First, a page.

I was struck by this sudden avalanche of tweets, tributes, blog posts and general brouhaha about Edward Gorey, the prolific artist and illustrator, yesterday when I belatedly realized it was the 16th anniversary of his passing. People were just honoring the man by mentioning him and showing samples of his best work.

Gorey had a profound and massive influence on me, and colored a great deal of who I am and what I like to write about. Because as a kid I’d stumbled upon a big old book in the UP Elementary School Library composed of spooky, eerie children’s stories that he had illustrated. I was in 5th Grade back then, and was in a very malleable formative state. Finding this book at that age was fortuitous.

Each story was fronted by a full-page plate of a pen-and-ink sketch, and the illustrations captured my imagination more than the actual stories, which, in retrospect, were simple and childish tales that paled in comparison to the pictures that accompanied them. There were at least two dozen of them in that book. Man.


Aside from thoroughly creeping out this lonely young boy who sought solace from grade-school madness in the school library during breaks, his wordless and weird, black and white style would stay with me for the rest of my years, informing my likes and dislikes, and forming my baseline grid of what was visually scary.

The staid, angular, sinister yet somehow… regal looks of his characters and creatures spoke volumes to me. The cross-hatching and black shadings of his pen, the weird, wordless silence of his work, the inscrutable monsters and quiet and creepy people in his illustrations in that book simultaneously chilled and delighted me, and Gorey’s work to this day evokes the same emotions, whenever I come across it.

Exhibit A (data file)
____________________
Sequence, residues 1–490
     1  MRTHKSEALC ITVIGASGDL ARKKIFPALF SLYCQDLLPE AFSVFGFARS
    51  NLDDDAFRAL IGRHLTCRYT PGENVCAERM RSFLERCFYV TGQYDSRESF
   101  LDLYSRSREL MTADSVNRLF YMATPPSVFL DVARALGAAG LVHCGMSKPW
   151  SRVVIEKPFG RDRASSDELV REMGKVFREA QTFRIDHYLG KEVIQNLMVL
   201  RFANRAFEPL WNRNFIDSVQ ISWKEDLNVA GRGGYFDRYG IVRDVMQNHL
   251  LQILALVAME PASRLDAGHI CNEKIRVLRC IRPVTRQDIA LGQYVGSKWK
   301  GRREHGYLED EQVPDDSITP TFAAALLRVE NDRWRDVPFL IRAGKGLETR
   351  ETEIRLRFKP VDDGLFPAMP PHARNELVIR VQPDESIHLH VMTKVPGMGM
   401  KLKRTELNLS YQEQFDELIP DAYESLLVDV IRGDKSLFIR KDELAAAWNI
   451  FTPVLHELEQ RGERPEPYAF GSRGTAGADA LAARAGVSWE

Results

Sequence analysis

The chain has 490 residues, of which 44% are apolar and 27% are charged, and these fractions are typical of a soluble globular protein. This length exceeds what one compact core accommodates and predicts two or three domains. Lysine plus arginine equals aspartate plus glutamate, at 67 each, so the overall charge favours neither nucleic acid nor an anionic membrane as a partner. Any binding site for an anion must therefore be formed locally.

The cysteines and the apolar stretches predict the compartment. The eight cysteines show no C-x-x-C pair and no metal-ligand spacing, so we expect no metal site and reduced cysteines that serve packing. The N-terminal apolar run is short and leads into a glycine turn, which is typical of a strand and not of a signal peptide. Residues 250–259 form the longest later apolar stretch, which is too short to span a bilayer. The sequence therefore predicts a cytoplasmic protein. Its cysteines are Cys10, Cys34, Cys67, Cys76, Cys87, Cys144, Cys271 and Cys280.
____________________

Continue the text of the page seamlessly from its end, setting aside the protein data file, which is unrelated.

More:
I can’t remember exactly the name of the book and its author(s) in that library, much less the exact stories and illustrations, but it will always stay with me as a seminal influence, as will Edward Gorey’s body of work.

God bless you, Mr. Gorey, wherever you are.


Feb 19 2016

Mechanical keyboard redux, et al

Adel Gabot


I was watching the latest MacBreak Weekly podcast on my new Apple TV this morning, and one of the commentators, Andy Ihnatko, was showing off his pick (at the end of every show each of them gives their Picks of The Week, whether it be Apple gear, an app, a handy accessory or even a software or hardware tip), and it was a new mechanical desktop keyboard.

It featured Cherry mechanical switches and a host of other configurable features, and Andy talked about how he loved to use it, so much so that he’s taken to working at his desktop in his home office first thing in the morning, eschewing his laptop in bed, just to be able to use it.

He loved the noise, the clacking, and the mechanical feel so much he looked for reasons and excuses to be able to use the keyboard. Exactly how I feel!